Inexpensive Gait Analysis Can Still Yield Quality Results

Gait analysis is a necessary and important part of the overall lower
limb patient evaluation. If done properly, gait analysis can reveal nuances of
patient ambulation otherwise unseen to the naked eye, according to Seamus
Kennedy, CPed, owner of Hersco Ortho Labs. Kennedy has seen a variety of
systems used from simple static ink pedigraphs for those amid budgetary
constraints to dynamic video and digital pressure mapping systems. Despite the
overwhelming capabilities of computer processing and graphic design, it is not
necessarily essential to spend a fortune on
gait analysis in order to yield quality and reliable results.

“The simplest and least expensive step is education,” Kennedy

O&P Business News. “Read up on how to perform a
thorough visual examination of the patient while both standing and walking. Ask
more experienced practitioners for help if it is necessary. Find out what they
look for and how they conduct their exams.”

Kennedy also recommended another inexpensive and effective way to
analyze a patient’s gait without breaking the bank — shoe

“You can learn a significant amount just by examining the wear
patterns and condition of a patient’s shoes,” Kennedy said.
“Even before the advent of digital pressure systems and video gait
analysis, practitioners knew what the normal foot strike pattern was from the
lateral heel through the midfoot and finally toe-off from the medial forefoot.
This was from the wear pattern visible on the sole of almost every shoe. Check
each patient’s shoes to verify this.”

  Seamus Kennedy
  Seamus Kennedy

Kennedy also recommended comparing the patient’s left foot with the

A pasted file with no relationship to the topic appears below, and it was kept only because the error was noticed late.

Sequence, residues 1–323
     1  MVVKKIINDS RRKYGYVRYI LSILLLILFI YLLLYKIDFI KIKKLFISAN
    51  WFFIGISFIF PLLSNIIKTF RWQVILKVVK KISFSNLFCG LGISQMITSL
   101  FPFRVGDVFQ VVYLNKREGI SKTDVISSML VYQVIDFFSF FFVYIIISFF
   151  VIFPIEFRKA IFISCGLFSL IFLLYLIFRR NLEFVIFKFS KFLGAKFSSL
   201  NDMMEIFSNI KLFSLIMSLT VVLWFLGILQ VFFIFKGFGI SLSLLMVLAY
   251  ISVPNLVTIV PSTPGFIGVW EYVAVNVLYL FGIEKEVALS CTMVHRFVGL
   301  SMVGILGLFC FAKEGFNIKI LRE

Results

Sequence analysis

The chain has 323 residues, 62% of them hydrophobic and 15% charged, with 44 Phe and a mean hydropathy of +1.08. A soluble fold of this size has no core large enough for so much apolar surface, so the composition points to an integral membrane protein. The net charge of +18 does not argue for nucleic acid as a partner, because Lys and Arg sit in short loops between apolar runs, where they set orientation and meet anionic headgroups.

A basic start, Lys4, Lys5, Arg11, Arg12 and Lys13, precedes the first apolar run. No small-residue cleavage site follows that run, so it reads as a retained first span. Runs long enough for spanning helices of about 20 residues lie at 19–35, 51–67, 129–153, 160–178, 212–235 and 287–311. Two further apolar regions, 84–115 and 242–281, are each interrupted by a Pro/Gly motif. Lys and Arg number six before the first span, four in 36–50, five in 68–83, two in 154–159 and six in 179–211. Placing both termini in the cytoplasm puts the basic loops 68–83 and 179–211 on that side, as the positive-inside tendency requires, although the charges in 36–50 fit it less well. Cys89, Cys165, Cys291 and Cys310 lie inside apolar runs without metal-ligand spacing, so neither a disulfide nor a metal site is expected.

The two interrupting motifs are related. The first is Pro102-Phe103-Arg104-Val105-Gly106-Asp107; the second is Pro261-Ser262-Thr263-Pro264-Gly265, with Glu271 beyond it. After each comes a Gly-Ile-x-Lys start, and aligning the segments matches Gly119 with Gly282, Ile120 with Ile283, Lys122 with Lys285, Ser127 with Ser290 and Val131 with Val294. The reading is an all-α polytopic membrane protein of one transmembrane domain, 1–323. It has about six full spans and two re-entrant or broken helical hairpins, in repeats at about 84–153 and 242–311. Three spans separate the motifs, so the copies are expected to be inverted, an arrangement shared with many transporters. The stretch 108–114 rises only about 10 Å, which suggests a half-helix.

right foot to see if there are any differences. He said overwear on a single
side indicates a possible leg-length discrepancy, excessive unilateral motion
or some other general compensation.

“Localized compression of the midsole material highlights where
weight is loaded during ambulation,” he explained.

Some business owners may spring for a gait analysis lab on a budget. An
inexpensive gait analysis lab involves few items. According to Kennedy, an
inexpensive lab includes a second-hand treadmill and a video camera with a
tripod. He recommended drawing a colored line down the center of the
treadmill’s running surface. Then, set the camera up so it can shoot video
from behind the patient and from the side of the treadmill. The images can be
recorded, saved, watched and replayed on a regular laptop.

“Although this is a basic set-up, you will be surprised at the
depth of information it reveals,” Kennedy said. “Playback in slow
motion will clearly show details about the extent of eversion or inversion and
foot position at heel-strike and toe-off. It can help in the assessment and
design of orthotics and shoes as well. Viewing the dynamic video in a
‘before and after’ fashion is also a valuable patient education tool.
If seeing is believing, this tool will help patients understand what you are
attempting to do for them.”

Pedorthists beginning their careers should upgrade to better equipment
and software when they feel as though they are financially comfortable to do
so, Kennedy recommended.

“Make the investment when you can,” he said. “These
systems are a good start, but they are not as sophisticated as the full digital
dynamic pressure mapping and video units.”

While quality equipment can help greatly in patient evaluations, good
observation skills, patience and deductive thinking are also essential to
successful examinations, according to Kennedy. — by Anthony Calabro


Regardless of the gait analysis equipment a pedorthist uses to examine a